New England

Granite State Kids:

A Rock in New Hampshire Tennis

James Maimonis, Manager, Media & Communications  |  April 29, 2019

BEDFORD, NH- For 20 years, Bedford’s Diane Phelps has been at the forefront of Junior Team Tennis in New Hampshire. In 2002, when her youngest daughter was struggling to find the area of competition that best fit her needs, Phelps took matters into her own hands. She founded Granite State Kids (GSK), a Community Tennis Organization in Bedford, which brings together a mix of young players ages 5-18 for clinics, lessons and Junior Team Tennis (JTT).


In its 17+ years, Granite State Kids has grown from humble beginnings to one of the largest Community Tennis Associations (CTAs) in New England, having served more than 2,000 children since its inception.


“Our premise has stayed the same, but we’ve morphed in so many ways. We want kids to play tennis in match format but not have the stress of necessarily being in a tournament,” Phelps said.



Granite State Kids features programs during the fall, spring, and its flagship program, which runs four days a week all summer long.  


While Phelps’ initial goal was to find her daughter a place to comfortably play, GSK has evolved into its own tennis network, containing students, parents, alumni and coaches.


“Granite State Kids is taught by all coaches who are former GSK players and who are or were either high school or college players. They say going through our program was one of the best times they’ve had, so they’re glad to come back and help out,” Phelps said.


She added, “These kids are truly amazing. They’ve gone to college, gotten great jobs, and what is really interesting is the amount of self-confidence they have. They have no problem going out and presenting themselves, and that success is unbelievable. This is what we want to keep doing.”


Through Granite State Kids, young tennis players in southern New Hampshire have had the opportunity to experience both the beginner and competitive side of Junior Team Tennis. The organization has been pumping out JTT teams for years, giving them the chance to compete at Districts, Sectionals and Nationals. Most recently, Team OOF, the 18U Intermediate team out of Bedford, reached JTT Nationals in 2018 and featured a number of kids who were brought up through GSK.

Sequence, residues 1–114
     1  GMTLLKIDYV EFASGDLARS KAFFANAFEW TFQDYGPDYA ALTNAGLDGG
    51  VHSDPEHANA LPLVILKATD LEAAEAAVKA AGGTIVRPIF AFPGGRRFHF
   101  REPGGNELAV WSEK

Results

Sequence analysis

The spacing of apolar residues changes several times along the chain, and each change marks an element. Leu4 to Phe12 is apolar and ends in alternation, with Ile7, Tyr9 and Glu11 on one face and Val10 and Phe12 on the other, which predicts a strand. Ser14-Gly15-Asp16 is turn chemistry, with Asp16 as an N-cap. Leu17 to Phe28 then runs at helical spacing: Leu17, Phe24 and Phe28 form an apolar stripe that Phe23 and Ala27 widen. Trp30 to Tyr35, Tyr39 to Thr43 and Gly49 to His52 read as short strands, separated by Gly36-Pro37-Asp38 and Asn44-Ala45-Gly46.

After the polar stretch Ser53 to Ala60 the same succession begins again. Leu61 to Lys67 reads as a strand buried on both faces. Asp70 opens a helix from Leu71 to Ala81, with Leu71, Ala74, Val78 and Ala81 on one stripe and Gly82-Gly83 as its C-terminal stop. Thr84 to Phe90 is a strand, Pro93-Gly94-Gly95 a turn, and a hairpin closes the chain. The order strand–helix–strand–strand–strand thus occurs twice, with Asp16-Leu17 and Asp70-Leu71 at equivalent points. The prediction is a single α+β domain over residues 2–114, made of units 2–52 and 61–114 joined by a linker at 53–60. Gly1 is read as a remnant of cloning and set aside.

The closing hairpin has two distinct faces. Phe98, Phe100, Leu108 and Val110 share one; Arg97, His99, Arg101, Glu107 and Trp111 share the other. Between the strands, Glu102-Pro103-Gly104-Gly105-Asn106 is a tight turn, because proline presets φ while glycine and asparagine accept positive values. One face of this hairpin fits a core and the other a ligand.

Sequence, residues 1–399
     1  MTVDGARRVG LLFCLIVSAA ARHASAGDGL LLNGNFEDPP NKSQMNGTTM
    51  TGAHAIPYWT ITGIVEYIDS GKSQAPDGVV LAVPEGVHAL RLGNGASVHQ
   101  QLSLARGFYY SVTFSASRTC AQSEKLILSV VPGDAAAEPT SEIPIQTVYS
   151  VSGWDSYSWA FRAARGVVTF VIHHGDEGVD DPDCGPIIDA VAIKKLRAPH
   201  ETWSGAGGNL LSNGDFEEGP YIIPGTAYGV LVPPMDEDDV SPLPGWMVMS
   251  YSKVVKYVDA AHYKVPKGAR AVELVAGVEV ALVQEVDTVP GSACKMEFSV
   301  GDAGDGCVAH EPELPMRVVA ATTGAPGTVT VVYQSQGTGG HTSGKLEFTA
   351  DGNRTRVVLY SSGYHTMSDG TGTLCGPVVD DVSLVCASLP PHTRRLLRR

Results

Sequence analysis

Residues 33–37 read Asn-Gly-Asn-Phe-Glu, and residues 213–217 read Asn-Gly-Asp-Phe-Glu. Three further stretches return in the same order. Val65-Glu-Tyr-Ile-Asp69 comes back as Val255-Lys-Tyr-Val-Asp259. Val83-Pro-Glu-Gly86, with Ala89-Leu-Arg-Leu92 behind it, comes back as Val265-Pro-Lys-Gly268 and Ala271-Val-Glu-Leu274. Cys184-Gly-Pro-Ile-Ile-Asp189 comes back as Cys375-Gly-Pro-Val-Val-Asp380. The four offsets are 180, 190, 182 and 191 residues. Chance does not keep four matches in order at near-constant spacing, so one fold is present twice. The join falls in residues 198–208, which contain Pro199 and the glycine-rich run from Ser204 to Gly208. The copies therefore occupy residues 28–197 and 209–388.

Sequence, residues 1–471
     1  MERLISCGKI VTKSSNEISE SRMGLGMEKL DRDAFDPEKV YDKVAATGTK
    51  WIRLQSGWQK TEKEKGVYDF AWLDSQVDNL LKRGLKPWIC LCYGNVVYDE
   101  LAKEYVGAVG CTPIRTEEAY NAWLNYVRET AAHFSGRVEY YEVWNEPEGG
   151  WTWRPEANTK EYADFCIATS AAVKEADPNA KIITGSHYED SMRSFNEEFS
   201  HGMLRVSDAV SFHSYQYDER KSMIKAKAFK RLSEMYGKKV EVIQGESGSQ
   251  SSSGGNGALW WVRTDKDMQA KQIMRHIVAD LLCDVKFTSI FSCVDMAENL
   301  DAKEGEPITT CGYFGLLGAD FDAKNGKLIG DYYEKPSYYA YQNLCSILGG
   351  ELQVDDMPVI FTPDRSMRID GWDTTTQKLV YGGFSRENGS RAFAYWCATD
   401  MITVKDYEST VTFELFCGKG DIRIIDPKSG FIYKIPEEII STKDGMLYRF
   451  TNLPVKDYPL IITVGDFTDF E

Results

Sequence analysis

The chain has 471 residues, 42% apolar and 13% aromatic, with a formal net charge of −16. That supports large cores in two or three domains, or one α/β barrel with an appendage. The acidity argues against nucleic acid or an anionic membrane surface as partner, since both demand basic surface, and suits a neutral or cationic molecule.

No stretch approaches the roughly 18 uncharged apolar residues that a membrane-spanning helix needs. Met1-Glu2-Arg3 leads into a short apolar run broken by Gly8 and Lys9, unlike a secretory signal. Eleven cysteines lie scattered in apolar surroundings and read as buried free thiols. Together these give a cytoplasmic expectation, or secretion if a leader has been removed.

“For the past 20 years, Diane’s GSK program has been integral in the development of so many young tennis players on and off the court. We’ve worked closely with Granite State Kids to help fund some of the most successful tennis programs in southern New Hampshire because we believe in her and in her mission,” said Eric Driscoll, USTA New England Tennis Service Representative for New Hampshire and Maine.

Throughout the past two summers, Phelps has connected GSK with the Manchester Parks and Recreation Department to provide tennis instruction to underprivileged children through the Fun in the Sun camp program.


In 2017, Granite State Kids was awarded USTA New England’s Community Tennis Association (CTA) of the Year award at the annual Awards Ceremony.


“We’ve really done everything we’d hoped for and more. We’ve developed this program from two little teams to a full-fledged program that trains kids for jobs. The growth has been fantastic to watch, and seeing what these kids can turn into is the greatest feeling,” Phelps said.


Beginning this summer, Phelps’s three grandchildren will become the next generation of youngsters to join Granite State Kids.


Phelps, a saleswoman by trade, also owns a local business in her free time. She and her husband created Berkshire Gold, a maple syrup company, which sells at farmers markets and in one local retail store.


As part of Provider Appreciation Month, USTA New England is thanking dedicated tennis providers with web features, giveaways, and networking summits throughout the month of April. 


Granite State Kids begins its spring tennis program for all ages on May 13. For more information and to register, visit their website here.


For more information on Provider Appreciation Month, click here.




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